This ethnography explores the religious beliefs and rituals of a group of elderly Jewish women, originally from Kurdistan and Yemen, who now live in Jerusalem. Sered visited the women in their homes and accompanied them on trips to holy tombs, local ethnic synagogues, and Judaica classes. She finds that, though mainly illiterate and excluded from formal religious practices, the women are experts in rituals aimed at safeguarding the well-being of their extended families. By analyzing their rituals, daily experiences, life-stories, and non-verbal gestures, Sered uncovers the strategies these women have used to circumvent the patriarchal institutions of Judaism, and how they have developed their own "little tradition" within and parallel to the "great tradition" of Torah Judaism.
"This splendid and often lyrical ethnography of Kurdish and Yemenite elderly women expands upon a growing body of scholarship about the experiences of women in patriarchal religions from a more nuanced feminist perspective about the meaning and function of ritual and the sacred in women's lives. From the onset, Susan Starr Sered's work situates itself on the cutting edge of both her discipline and the study of religion. Her contribution is considerable....An engaging account of women bound by tradition but also active in the creation of their own religious experience....Sered not only brings a fresh perspective to the study of women's experiences in traditional religious settings but reflects without polemic on the androcentric biases in the study of religion itself."--The Journal of Religion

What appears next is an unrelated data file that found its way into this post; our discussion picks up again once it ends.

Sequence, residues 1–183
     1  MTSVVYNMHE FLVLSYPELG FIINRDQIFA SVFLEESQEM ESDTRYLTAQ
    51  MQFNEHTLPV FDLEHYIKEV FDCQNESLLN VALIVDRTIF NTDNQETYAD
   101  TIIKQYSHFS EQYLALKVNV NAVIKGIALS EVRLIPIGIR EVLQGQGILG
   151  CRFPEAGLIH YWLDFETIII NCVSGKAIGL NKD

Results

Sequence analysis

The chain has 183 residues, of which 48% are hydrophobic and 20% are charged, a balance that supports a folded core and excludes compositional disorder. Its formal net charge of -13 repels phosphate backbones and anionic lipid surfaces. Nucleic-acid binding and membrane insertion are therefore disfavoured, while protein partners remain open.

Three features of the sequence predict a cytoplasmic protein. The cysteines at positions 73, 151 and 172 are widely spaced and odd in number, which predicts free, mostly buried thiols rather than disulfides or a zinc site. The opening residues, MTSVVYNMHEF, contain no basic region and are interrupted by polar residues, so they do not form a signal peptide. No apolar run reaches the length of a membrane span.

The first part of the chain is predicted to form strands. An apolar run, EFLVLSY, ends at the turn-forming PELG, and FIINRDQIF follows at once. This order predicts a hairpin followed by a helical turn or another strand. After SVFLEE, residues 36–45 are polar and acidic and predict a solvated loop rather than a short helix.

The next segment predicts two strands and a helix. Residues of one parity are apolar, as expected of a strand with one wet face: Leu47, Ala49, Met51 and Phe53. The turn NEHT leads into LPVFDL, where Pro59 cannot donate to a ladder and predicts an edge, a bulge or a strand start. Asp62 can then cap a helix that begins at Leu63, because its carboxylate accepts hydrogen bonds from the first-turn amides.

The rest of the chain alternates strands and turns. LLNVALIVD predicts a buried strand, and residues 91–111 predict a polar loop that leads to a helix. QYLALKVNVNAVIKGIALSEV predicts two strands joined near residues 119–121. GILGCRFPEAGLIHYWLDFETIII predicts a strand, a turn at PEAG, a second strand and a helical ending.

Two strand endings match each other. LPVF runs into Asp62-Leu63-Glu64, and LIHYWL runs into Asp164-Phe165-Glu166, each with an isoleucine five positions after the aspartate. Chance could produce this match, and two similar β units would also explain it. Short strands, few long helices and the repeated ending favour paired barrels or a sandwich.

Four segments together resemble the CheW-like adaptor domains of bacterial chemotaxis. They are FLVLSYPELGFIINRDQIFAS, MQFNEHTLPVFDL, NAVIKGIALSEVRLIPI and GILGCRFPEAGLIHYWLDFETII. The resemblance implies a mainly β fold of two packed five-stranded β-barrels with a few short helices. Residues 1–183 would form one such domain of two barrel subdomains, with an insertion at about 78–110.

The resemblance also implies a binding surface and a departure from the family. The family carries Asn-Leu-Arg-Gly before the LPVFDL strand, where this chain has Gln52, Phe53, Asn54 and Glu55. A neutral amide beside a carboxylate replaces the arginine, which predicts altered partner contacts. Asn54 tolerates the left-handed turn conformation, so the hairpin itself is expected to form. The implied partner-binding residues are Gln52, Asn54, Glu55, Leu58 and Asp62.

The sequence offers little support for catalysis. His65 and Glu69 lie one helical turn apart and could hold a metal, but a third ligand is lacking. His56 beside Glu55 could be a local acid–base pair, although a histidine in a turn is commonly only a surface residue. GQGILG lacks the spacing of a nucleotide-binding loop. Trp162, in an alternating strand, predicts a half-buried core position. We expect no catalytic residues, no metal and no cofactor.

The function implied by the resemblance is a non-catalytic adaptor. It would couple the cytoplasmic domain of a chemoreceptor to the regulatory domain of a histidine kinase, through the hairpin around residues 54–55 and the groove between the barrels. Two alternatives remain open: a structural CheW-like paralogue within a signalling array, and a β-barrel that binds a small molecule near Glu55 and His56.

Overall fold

"Sered lovingly and graphically portrays how religion permeates the everyday lives of elderly Jewish women in Jerusalem....I recommend Sered's book to my colleagues and would include it in student reading for anthropology, sociology, and religion courses....It is excellent in-depth case studies such as this one that demonstrates the power and necessity of qualitative studies."--Sociology of Religion